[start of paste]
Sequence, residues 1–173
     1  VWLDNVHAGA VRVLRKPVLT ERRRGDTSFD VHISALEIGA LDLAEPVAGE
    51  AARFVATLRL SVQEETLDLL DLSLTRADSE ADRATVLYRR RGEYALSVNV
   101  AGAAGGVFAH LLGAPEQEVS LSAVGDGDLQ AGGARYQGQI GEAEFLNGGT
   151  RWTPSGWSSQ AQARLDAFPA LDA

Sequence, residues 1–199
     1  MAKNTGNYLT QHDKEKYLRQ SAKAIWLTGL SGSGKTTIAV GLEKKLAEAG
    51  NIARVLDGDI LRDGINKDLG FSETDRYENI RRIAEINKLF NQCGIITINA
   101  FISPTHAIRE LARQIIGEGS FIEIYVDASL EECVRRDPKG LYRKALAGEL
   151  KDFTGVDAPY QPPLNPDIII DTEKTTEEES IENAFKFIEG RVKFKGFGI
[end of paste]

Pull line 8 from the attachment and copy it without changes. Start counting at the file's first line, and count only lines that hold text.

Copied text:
    51  NIARVLDGDI LRDGINKDLG FSETDRYENI RRIAEINKLF NQCGIITINA